Thousands of children will attend interactive show held in Hanover
Livingston, NJ — “In every generation, a person is obligated to regard himself as if he personally left Egypt,” reads a passage in the Talmud.
This Passover, thanks to an undertaking on the scale of a Universal Studios theme park attraction, some 10,000 school children across New Jersey will be able to do just that.
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Yes, they will believe they were slaves in Egypt. Yes, they escape across the Red Sea. And yes, they witness Moses descend from Mount Sinai.
Working over the past two months, several dozen volunteers have converted an empty 12,000-square-foot warehouse in Hanover into something very like a Hollywood set. Each room represents a different stage of the Exodus story, in which the Israelites are delivered from slavery under the Egyptian Pharaoh.
The Exodus Experience, as the presentation is known, is billed as a mix between an interactive museum exhibit, and amusement park and a Broadway show. Similar productions in recent years have been put on in Australia, Arizona and, last year, Brooklyn. But this is the first in New Jersey.
The youngsters “get a really intense experience,” said Rabbi Zalman Grossbaum, executive director of Living Legacy, an educational outreach program of Rabbinical College of America in Morris Township, which spent an untold sum of money to put this project together.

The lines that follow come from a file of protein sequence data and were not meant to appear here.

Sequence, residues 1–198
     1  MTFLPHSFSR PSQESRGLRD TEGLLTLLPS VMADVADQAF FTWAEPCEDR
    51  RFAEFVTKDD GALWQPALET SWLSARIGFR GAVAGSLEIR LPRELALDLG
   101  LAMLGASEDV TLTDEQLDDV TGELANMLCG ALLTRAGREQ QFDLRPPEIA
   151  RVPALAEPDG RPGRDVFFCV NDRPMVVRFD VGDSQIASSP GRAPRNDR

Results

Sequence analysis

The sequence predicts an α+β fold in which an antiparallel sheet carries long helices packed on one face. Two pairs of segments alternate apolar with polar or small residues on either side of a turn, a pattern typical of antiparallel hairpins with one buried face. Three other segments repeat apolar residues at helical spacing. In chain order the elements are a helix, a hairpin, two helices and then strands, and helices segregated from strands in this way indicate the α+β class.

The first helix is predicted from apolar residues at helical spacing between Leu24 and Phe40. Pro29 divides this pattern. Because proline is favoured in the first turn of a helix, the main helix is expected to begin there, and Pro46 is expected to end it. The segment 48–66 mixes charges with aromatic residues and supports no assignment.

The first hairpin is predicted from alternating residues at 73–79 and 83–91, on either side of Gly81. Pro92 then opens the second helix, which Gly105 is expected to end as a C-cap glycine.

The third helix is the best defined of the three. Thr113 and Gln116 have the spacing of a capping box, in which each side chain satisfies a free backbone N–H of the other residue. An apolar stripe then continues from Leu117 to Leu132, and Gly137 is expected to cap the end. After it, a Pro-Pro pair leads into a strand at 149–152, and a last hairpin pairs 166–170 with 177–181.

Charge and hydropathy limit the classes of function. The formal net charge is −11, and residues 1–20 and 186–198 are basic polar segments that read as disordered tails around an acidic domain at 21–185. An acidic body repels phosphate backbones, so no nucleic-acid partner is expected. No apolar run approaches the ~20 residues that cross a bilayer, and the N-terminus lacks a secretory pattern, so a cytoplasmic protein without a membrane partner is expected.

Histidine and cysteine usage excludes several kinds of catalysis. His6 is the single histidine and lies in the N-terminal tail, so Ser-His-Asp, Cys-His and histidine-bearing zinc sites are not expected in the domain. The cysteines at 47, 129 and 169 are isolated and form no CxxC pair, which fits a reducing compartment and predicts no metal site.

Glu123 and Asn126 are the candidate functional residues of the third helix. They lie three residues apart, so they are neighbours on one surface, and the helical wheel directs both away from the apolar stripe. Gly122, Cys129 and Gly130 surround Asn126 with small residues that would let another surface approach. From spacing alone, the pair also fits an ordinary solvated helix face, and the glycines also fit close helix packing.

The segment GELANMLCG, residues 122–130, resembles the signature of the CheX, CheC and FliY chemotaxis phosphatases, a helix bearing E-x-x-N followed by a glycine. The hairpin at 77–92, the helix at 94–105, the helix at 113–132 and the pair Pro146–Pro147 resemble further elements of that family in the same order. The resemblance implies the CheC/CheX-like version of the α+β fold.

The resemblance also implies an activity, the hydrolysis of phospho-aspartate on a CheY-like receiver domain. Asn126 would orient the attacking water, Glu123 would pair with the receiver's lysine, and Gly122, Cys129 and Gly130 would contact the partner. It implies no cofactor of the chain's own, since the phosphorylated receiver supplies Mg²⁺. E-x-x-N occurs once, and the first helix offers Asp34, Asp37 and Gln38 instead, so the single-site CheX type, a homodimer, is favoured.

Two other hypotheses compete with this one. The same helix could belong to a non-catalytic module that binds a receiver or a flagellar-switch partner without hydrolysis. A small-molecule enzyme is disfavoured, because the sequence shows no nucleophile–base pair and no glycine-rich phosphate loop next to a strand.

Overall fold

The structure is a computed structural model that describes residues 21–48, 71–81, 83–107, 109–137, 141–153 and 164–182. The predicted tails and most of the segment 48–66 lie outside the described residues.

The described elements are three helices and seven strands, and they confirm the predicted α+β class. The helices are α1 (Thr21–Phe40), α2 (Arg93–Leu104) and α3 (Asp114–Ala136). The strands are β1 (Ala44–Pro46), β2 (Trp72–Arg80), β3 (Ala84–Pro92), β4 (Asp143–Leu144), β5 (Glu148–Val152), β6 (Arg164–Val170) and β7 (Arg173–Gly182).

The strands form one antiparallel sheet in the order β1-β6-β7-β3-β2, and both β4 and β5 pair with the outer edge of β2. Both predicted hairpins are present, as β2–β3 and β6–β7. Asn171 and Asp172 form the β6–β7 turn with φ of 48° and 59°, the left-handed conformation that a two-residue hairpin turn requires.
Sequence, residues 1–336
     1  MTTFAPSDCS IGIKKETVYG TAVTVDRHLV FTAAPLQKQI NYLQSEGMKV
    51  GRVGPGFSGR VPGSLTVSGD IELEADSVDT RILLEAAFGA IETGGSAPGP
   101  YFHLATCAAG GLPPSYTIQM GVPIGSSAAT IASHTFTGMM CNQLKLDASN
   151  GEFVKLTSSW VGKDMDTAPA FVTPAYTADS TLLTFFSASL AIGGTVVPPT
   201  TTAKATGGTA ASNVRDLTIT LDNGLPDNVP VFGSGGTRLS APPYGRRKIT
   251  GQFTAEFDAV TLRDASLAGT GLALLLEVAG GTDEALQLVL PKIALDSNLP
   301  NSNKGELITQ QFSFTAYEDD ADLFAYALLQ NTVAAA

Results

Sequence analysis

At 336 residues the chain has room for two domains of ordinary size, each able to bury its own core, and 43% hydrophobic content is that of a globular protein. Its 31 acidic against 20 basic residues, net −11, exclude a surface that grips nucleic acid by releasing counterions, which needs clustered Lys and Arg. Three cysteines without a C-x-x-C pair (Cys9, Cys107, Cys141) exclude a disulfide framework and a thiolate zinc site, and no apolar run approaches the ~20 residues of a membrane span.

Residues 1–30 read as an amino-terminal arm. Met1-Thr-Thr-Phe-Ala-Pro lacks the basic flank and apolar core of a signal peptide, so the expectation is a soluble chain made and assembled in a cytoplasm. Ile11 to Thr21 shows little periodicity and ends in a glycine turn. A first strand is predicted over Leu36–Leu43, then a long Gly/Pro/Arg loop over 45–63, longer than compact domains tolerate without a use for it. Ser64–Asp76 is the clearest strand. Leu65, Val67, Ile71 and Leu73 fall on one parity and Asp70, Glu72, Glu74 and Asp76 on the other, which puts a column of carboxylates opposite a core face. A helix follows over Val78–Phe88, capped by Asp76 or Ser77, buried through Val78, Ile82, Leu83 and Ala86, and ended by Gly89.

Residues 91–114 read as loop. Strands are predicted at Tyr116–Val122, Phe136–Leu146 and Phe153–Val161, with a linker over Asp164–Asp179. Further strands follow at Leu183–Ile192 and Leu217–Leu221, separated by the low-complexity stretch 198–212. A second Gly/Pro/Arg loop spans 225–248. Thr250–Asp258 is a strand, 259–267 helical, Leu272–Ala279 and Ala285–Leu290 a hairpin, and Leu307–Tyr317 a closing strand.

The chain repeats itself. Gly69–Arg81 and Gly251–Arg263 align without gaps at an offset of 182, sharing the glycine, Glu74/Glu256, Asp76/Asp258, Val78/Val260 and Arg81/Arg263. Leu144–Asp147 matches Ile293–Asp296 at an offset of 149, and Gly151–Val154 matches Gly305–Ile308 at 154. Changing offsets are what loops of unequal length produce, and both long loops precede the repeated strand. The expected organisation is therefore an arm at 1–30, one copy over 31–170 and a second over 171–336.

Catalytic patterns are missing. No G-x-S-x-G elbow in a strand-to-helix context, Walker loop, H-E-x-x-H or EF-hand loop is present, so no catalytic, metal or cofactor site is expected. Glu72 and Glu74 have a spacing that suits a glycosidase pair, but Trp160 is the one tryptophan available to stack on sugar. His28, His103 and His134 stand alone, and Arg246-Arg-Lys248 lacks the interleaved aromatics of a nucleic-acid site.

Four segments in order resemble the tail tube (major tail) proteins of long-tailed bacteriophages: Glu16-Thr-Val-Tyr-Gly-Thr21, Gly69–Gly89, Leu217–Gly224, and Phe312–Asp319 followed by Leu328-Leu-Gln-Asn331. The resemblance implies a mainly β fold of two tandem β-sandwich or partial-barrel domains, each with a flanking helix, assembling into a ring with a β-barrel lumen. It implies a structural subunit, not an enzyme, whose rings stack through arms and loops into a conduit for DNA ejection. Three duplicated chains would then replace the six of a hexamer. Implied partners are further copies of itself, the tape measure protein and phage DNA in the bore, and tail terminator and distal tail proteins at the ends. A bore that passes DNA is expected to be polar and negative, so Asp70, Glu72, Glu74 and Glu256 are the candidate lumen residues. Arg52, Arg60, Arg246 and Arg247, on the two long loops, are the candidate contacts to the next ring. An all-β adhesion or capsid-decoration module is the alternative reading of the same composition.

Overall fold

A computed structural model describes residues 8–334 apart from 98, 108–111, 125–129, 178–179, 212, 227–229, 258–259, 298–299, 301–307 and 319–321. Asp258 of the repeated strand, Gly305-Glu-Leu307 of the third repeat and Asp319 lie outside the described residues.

“They will be slaves; they will go to the sea,” Grossbaum said. “This will be an experience which the children will never forget. It will change their view of Passover, because seeing is believing.”
Over about 90 minutes, each group of students will enter a “time machine” that will take them more than 3,300 years into the past. They will see Moses talking to the burning bush (the flames look real but are a special effect), witness the 10 plagues and pass through the parted waters of the Red Sea (creative lighting, moving set pieces and matte paintings). They will be accompanied by actors — mostly students from the Rabbinical College — portraying all the characters from the Torah.
Because building everything from scratch was such a huge undertaking, Grossbaum said it is unlikely there will be another Exodus Experience in the area next year or the year after.
“This is a once-in-a-lifetime opportunity,” Grossbaum said.
The Exodus Experience starts today and continues through March 29. It’s mostly booked for school groups, but a handful of time slots are still open. It will be open to the general public next Sunday and March 25, and admission is $10. For more information, call (973) 515-0220.